We sat down recently with the Climate Negotiator, Ulfath Ibrahim, who completed her MSc in Environment and Development from the University of Edinburgh in 2021 and is one of the  University of Edinburgh’s Climate 75 – alumni who are making an impact and contributing to positive change.

Based in the Maldives, Ulfath returned to the University earlier this month to discuss her involvement in the negotiating blocks who fought (and won) to put the Loss and Damage Fund on the international agenda at COP27 (the 27th United Nations Climate Change Conference of Parties).

Ulfath Ibrahim stands under a sign reading 'Hurry up please, it's time'

In her career, Ulfath has worked in areas encompassing research, international relations and public policy. She acted as a session coordinator at Climate Exp0, represented her country at COP25 in Madrid, COP26 in Glasgow and COP27 in Egypt, and carried out research on blue carbon ecosystems in the Maldives for her dissertation. Prior to coming to the University of Edinburgh, Ulfath worked as a negotiator, and she continues to work in the climate negotiation space, acting as the Assistant Director at the Special Envoy Office for Climate Change of the Maldives.

What piqued your interest in Climate Change?

“I was quite aware of climate change from an early age – witnessing changes to the beaches and coral bleaching episodes – then later in my career, I noticed that any meeting with foreign dignitaries always involved some form of discussion on climate change. A large part of motivation for my work is wanting my young nieces and nephews to experience the beaches and marine life of the Maldives as I did.

Here in the Maldives, we are very connected to our ocean and islands – it is a part of our identity and our culture. Yes, we could move on to another land, another country, but we will leave behind our way of life, and that’s why we continue to actively engage in international climate negotiations, especially on mitigation, climate finance, adaptation and loss and damage. Our land is important to us and is linked to our culture, our heritage, and we want our children to be able to experience it and continue to live life here in the Maldives.”

What are your key takeaways from COP 27?

“I always go into COP with what I call ‘cautious optimism’, being no stranger to the deliberation processes involved in such a conference. Though the process may seem slow, I believe it to be an effective process to date for international agreement on climate related issues. Everyone often asks why is it so slow? But, when you think about it, it is over 190 countries having to agree on every word on the paper, so it’s a difficult process, but I feel like it’s the only process that brings all these countries together to one table and that is phenomenal.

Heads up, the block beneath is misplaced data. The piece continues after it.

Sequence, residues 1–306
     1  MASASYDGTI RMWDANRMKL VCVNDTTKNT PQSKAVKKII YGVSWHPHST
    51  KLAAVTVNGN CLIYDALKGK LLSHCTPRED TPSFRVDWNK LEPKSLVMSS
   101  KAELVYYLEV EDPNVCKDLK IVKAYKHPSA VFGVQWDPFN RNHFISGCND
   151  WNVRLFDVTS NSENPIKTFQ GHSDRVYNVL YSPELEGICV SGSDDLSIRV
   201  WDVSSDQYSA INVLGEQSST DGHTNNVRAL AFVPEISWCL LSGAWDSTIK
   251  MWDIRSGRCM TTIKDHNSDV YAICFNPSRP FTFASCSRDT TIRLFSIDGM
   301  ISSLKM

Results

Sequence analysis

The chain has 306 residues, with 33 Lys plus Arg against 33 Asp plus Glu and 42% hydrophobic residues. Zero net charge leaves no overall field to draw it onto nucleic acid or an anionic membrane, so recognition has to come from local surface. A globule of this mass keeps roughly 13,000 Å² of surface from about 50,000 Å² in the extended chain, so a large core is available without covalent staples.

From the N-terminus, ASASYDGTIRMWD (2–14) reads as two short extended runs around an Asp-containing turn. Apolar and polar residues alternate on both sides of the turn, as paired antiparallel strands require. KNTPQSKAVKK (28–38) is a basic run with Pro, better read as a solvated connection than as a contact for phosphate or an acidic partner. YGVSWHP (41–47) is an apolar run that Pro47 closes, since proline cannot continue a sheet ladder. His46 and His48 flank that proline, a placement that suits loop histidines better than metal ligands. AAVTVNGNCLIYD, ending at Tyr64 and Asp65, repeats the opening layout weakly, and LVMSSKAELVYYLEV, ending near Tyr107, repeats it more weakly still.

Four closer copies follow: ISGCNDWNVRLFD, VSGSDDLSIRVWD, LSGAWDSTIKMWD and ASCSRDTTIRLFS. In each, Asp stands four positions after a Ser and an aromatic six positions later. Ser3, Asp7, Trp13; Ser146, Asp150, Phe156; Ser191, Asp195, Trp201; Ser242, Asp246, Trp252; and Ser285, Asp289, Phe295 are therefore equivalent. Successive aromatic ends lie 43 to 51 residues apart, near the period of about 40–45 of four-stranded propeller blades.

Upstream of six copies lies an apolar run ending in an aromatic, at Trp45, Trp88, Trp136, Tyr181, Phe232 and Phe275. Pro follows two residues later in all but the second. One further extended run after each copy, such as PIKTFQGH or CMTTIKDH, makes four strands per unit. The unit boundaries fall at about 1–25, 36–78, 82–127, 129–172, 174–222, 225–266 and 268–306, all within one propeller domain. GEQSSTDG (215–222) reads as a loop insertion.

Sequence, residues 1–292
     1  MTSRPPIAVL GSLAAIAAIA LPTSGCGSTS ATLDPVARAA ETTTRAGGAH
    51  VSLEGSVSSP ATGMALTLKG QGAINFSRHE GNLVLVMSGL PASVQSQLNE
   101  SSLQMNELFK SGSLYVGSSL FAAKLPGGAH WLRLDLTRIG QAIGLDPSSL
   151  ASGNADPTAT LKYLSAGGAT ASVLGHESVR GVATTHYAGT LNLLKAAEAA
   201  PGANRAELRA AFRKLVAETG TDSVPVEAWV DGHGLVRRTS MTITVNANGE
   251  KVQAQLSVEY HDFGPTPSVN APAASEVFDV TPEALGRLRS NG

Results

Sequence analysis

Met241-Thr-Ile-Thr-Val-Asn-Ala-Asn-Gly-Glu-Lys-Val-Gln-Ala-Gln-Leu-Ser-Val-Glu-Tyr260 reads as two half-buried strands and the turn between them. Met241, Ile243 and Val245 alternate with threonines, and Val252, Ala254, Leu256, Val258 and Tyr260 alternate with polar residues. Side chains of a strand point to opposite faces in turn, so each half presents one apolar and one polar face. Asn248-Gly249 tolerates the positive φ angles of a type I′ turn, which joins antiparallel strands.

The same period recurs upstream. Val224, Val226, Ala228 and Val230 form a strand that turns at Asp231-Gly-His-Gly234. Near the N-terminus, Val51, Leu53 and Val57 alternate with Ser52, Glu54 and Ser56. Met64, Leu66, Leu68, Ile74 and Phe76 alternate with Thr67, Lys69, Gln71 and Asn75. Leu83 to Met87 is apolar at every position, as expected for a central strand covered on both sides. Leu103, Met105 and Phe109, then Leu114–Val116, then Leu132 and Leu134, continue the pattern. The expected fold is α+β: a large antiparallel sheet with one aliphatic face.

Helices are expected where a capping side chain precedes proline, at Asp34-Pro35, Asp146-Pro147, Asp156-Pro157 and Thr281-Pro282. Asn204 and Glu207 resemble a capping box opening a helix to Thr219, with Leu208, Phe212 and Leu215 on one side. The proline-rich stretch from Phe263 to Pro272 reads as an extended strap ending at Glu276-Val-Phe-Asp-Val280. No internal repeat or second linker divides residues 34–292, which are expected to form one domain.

Fighting for a loss and damage fund at COP27 was a significant achievement. We worked together with colleagues in AOSIS and G77 & China on an issue which has been an area of appeal for small islands for the last 30 years. The fund seeks to redress the imbalance which has arisen from the failure of high emitting countries to mitigate their emissions, leaving low emitting states to figure out the impacts of these emissions on their own. A colleague summed up the scenario with a powerful image: ‘All the elephants were fighting and we, the small islands, were the grass that was getting crushed’. The area of mitigation did not witness as much success, but I consider the fund to be a crucial step for climate justice. But of course, there is still much to do between now and COP 28 to make the fund operational.”

What role do you think universities can play in tackling the climate crisis and aiding island states in their battle against the impacts of climate change?

“The University has a huge platform and there are so many ways in which it can help amplify the messages we are putting across in the negotiation rooms. These amplified messages can be linked with research to bridge the gap for students and the wider society between academia and policy, as the former guides the latter. I see universities acting as trend setters in terms of moving away from fossil fuels, and fossil fuel funding, towards sustainability and transparency.”

What are your hopes for the future around climate change?

“I am focused on the issue of loss and damage and working towards operationalizing the fund. The ideal outcome from COP27 would have been concrete action plans on climate change mitigation. The loss and damage win was a compromise, and you always make compromises.

I hope in the near future, mitigation is tackled, nationally determined contributions (NDCs) are strengthened, and that we remain below the 1.5°C global temperature target. We need a lot of political commitment and trust, and the ability to think beyond your country to include other smaller countries — and empathy is essential for arriving at this mindset.”

What advice would you like to give students working in the climate change sector?

“I encourage having your own principles and sticking to them. At the end of the day, I think – I’m doing this for my country, for all the reefs that are dying, and because I want my nieces and nephews to grow up in the Maldives and be able to see thriving living things – these are the core principles that guide me. When you work in these political spaces where one person is saying one thing and the other person is saying another, it is your own values and principles that keep you going in the right direction, so they are important wherever you work.”